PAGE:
Andrew Wang ’18, Kevin Sun ’18, and Jocelyn Shen ’18 organized the first-ever Hack New England High Schools (hackNEHS), which was held last Saturday. Hosted by Microsoft in their Burlington Mall headquarters, 30 of the over 250 attendees were from Andover with the rest arriving from other high schools in the area. During the day, students spent nine hours networking, attending workshops, designing, and building original software-based products.
The event was organized in order to allow high school coders to learn more about their craft and to have the experience of participating in an event typically geared towards their older peers.
High school students don’t often have that many chances to participate in something like a hackathon because they are normally college events. They are for people who stay up all of one night to code. This event was specifically tailored for high school students, and it’s a really good experience for students to learn how to design a product. Most of the people I talked to after the event said that they learned a lot about coding just in those nine hours. And I think that’s great.
Several leaders in the technology industry opened the day by addressing the students. The program then led into four workshops covering different coding programs, ideation, and computer processing. After the opening ceremony, teams of six to eight students dispersed from the big conference room into the smaller design rooms to work on their product’s design, source code, and logo.
Finished products ranged from websites, mobile applications, and games. Sam Xifaras ’18 and his group designed a 2-D fighting game using Java.
“I went to my first hackathon on Sunday. I would describe it as [a place where students are] collaborating and building something that is innovative and entrepreneurial. From our perspective, the most challenging part was getting started with an idea,” Xifaras said.
Wang felt inspired to organize hackNEHS after attending several hacking and technology events last year in Cambridge, Mass. With the help of Sun, Wang began planning the logistics of the event and the website last year. Over the summer, Shen also joined the team.
Shen said, “High school students don’t have many chances to participate in something like a hackathon, because they are normally college events. This event was specifically tailored for high-school students, and it was a really good experience for students to learn how to design a product.”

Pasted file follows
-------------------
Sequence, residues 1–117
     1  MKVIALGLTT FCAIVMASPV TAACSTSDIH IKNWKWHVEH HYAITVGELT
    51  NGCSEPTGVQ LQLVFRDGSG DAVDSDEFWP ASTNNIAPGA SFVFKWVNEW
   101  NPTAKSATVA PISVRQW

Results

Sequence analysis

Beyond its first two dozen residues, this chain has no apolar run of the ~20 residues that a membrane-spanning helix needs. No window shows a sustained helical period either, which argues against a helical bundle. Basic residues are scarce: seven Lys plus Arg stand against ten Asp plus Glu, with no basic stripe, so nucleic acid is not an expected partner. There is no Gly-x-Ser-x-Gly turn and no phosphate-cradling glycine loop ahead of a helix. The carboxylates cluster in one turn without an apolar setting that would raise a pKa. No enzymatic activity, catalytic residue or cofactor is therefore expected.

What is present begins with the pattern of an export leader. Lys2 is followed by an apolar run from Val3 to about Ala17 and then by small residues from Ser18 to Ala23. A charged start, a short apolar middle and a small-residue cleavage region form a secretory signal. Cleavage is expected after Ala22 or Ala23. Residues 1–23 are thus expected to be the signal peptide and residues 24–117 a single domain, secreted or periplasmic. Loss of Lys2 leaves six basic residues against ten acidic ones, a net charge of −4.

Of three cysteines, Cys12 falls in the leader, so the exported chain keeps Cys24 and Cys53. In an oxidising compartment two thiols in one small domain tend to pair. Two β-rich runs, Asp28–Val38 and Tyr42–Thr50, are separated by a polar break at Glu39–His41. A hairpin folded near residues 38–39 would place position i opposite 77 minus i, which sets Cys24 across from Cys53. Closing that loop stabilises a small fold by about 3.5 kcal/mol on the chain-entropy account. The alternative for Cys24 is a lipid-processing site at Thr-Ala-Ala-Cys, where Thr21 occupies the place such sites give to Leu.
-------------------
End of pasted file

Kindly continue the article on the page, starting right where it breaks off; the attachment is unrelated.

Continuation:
The three Andover students also collaborated with Alec Sun PEA’17 and Vinjai Vale PEA’18, as well as a group of 20 mentors from Google Creative Labs, Cisco, and Amazon as well as software engineers and computer-science teachers.
“The most exciting moment was when we were giving out the awards. People came up to us afterwards telling us how much fun they had and thanking us for this opportunity. Our work really paid off,” said Shen.
After nine hours of coding, collaborating, and designing, students presented their products to a panel of four software entrepreneur judges, who graded the projects based on three categories: functionality, creativity, and technical difficulty.
At the end of the day, Andover’s team won with a personalized music generator. The team included Buzzy Barrow ’18, Darcy Meyer ’18, Alex Reichenbach ’18, Annika Sparrell ’18, Neil Masri ’19, and Varun Roy ’19.
“We worked together really well, which is probably why we did well. Our product was a generative music model in which you would go to this website and it would play generated computer music continuously so that you wouldn’t get distracted. It worked with the Hooktheory API and the probabilistic random walk mobility model for the melody. It was really fun, but quite stressful. I am definitely going to next year’s hackathon,” Reichenbach said.
Students were not required to have any prior coding experience or even a team. Attendees were also not charged admission fee thanks to competition’s sponsors which included Microsoft, Facebook, and Chipotle.
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